Unscented Lotion: XXXXX
Perfumed Lotion: XXXXX
Cleaning Products with Bleach: XXXXX
Mild Dish Soap (if rinsed off): XXXXX
Nail Polish Remover: XXXXX
I have been wearing some of my 14k gold-filled necklaces for over two years now and they're still gold and lovely. A few chains aren't as sparkly as when they were new, but it's not as noticeable against my skin (vs on white paper, for example).
Truthfully, I’m not the best at taking care of things like this, although I'm pretty good at taking my pieces off to sleep (most of the time) and am careful to not get product on them like perfume, sunscreen and hairspray. I do shower with them on because I think it helps clean them, but I know my shampoo and soaps are mild enough (so be careful about that detail)!
Overall, to give an idea of how well the necklaces have lasted after a year (with reasonable care), I'd say they're at about 80% awesomeness vs. 100% when they were new.
Notes: I wore one of my bar necklaces for a week straight in Maui without taking it off to swim, and it looks bad now. I'm sure sunscreen ended up on it as well. The chain is pretty dark (although the bar part still looks nice). I think this kind of environment has got to be the hardest—humid & sweaty, sunscreen, salt water—the only thing worse would be if I wore it in the hot tub!
Caring for 14k gold-filled jewelry, PART 2:
After each wear, gently remove makeup and oils from your skin by wiping with a soft cloth, like a flannel or lens cloth. If you know you've been sweaty that day or the piece might have product on it (especially sunscreen!), it would be great to give it a quick rinse in lukewarm water and dry it with a soft cloth. Also, taking your jewelry off to sleep will do a great deal to help it last longer.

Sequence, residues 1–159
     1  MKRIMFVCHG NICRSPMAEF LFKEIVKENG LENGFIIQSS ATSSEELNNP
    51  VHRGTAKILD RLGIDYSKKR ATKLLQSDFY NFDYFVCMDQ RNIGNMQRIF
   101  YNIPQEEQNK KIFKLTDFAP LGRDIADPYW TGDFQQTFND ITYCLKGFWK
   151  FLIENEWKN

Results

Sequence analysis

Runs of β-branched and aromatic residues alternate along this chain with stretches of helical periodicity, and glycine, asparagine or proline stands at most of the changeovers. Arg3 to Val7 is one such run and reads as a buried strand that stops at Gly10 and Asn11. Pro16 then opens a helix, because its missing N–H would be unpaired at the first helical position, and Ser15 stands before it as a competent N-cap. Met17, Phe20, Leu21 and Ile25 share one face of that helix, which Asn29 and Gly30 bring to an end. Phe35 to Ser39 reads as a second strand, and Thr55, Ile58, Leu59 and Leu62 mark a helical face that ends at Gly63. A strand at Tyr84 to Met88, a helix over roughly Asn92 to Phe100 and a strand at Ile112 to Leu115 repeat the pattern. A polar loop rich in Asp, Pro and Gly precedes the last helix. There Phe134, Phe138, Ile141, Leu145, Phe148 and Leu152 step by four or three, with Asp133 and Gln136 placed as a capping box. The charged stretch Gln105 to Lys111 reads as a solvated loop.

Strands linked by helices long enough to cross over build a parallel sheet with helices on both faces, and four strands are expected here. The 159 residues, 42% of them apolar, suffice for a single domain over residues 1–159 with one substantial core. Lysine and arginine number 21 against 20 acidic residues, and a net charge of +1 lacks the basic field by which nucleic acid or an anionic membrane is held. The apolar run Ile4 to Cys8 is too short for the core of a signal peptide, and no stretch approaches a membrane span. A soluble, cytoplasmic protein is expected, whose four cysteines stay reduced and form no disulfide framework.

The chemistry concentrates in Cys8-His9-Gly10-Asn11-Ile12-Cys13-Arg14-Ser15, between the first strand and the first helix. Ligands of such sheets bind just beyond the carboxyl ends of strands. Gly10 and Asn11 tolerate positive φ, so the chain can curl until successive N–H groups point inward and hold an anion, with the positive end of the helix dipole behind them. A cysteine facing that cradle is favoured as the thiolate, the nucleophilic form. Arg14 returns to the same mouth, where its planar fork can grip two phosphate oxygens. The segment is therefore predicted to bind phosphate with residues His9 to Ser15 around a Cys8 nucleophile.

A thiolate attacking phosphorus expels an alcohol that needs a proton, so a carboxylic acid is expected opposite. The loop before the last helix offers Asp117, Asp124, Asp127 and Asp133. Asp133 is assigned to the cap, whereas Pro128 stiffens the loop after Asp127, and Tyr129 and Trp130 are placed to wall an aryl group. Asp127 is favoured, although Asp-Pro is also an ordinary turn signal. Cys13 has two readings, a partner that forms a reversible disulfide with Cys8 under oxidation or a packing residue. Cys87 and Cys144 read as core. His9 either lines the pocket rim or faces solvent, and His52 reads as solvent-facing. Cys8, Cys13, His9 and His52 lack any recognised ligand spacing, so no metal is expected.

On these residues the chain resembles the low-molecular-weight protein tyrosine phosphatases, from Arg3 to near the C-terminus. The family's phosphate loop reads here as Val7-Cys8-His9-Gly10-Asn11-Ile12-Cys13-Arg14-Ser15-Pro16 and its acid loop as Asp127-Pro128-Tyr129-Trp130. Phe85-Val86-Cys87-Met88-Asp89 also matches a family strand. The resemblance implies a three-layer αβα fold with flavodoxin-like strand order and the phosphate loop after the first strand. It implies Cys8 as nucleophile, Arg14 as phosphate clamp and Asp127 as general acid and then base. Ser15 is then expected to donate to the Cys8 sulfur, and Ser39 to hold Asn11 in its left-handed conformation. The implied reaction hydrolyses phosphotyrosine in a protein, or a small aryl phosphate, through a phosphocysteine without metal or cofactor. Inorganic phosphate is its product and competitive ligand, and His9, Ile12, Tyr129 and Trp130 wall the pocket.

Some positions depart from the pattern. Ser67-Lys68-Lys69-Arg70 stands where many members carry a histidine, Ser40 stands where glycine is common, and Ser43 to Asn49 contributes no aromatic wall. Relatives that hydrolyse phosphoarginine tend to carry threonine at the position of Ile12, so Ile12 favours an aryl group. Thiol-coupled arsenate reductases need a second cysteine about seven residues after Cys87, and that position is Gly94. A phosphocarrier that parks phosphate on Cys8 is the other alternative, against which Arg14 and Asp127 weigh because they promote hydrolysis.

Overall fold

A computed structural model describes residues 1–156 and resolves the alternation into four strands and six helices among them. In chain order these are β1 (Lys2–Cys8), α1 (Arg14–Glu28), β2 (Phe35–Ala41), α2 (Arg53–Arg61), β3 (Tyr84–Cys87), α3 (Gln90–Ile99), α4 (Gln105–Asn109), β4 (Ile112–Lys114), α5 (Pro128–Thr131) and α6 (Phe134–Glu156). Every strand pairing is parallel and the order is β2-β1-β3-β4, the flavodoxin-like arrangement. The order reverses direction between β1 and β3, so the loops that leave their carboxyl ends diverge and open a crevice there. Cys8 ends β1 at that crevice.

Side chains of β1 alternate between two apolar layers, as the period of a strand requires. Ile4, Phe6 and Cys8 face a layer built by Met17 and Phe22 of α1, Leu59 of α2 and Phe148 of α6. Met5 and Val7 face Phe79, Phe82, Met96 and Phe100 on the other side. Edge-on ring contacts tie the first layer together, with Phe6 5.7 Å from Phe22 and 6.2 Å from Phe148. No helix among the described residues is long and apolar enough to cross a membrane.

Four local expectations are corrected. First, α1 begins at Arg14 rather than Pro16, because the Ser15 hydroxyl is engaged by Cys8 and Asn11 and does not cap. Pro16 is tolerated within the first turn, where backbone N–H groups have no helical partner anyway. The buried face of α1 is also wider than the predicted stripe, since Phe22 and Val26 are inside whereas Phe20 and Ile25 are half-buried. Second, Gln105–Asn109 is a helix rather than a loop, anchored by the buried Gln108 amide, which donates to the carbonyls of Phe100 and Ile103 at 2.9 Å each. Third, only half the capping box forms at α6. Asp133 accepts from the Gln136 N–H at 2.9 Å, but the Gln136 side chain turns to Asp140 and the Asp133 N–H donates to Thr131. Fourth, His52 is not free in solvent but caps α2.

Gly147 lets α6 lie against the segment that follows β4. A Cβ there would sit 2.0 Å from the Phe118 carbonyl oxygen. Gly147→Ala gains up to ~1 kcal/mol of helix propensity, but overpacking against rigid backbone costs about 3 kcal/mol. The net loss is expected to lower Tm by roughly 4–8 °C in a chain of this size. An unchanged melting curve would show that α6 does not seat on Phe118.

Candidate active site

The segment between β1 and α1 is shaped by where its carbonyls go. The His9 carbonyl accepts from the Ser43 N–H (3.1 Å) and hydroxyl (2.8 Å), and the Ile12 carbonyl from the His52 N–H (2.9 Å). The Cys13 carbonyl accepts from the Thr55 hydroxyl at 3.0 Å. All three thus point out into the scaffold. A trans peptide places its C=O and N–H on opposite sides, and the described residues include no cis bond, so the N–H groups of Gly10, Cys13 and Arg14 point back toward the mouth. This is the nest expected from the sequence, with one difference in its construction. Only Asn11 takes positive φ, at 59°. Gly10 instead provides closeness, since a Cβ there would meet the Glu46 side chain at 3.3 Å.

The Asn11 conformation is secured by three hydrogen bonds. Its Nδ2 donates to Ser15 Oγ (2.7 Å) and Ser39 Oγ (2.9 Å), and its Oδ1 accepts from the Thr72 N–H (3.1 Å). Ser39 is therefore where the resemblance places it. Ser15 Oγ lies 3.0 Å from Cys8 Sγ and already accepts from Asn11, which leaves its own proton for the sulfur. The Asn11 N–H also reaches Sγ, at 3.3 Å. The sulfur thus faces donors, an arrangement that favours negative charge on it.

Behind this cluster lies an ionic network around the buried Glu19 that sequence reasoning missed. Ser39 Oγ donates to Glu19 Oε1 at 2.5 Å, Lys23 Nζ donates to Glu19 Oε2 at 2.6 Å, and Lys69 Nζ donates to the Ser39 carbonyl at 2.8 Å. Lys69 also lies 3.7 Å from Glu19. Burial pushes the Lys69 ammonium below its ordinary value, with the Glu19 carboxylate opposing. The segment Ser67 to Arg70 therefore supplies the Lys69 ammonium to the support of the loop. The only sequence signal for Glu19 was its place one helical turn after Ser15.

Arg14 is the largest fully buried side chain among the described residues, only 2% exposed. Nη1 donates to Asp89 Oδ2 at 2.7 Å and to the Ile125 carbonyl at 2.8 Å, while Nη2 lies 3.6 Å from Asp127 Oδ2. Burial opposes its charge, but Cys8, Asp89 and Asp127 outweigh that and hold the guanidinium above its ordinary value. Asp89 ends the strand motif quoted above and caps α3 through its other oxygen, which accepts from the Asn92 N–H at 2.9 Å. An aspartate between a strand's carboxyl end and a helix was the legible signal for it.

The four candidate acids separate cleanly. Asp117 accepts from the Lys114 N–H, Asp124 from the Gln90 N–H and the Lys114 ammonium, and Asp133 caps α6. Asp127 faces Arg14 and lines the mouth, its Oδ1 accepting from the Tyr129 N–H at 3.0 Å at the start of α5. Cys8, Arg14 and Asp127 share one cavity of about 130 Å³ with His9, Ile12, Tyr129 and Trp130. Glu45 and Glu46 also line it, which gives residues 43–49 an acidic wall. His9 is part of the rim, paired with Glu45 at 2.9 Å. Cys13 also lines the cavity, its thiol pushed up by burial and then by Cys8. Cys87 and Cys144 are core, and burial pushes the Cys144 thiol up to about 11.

If you know your piece got caked in sunscreen, sweat or some other product, it's best to give it a nice, deep clean, asap.
• Get a bowl of warm water with a touch of gentle soap (I use Dove) or mild dish soap.
• Let the piece soak for about a minute.
• Give it a scrub with an ultrasoft toothbrush, making sure to really get into the chain where the dirt and product like to build up.
• Rinse it in lukewarm water a few times to make sure all the soap is off.
• Dry it well afterward, and especially make sure it's nice and dry before storing it.
Caring for 14k gold-filled jewelry, PART 3:
STORE IT RIGHT
The number one best way to store your gold-filled jewelry so it lasts is in something airtight. (Less airflow = less chance for any chemical reactions that cause tarnish!)
Store it clean, after your day-to-day maintenance (see above).
Ideally, a little ziplock bag works best—they're compact, and we know they don't contain any chemicals that cause tarnish.
Store in a low humidity environment.
REDUCE TANGLES: If you want to reduce the chance of knots/tangling, here are some things to note:
Use a small container (less room for the piece to move around = less chance to tangle).
Make sure clasp is closed (I’m sure there’s some fancy reason but this is a huge factor, so just do it). :)
Verdict: Seriously, just go with a little ziplock baggie! The only significant downfall we can see is they aren't very protective for some pieces that might need it, such as when you're traveling—in which case we'd suggest putting the little ziplock in a small, hard container. Although they might not be fancy or look as pretty as some other storage solutions, they have a ton of (more important) things going for them:
• Simple, inexpensive and easy to get
• Easy to store or travel with: can't find anything more compact than this!
• Airtight and non-tarnishing
• You can get them nice and small so your piece won't have room to tangle.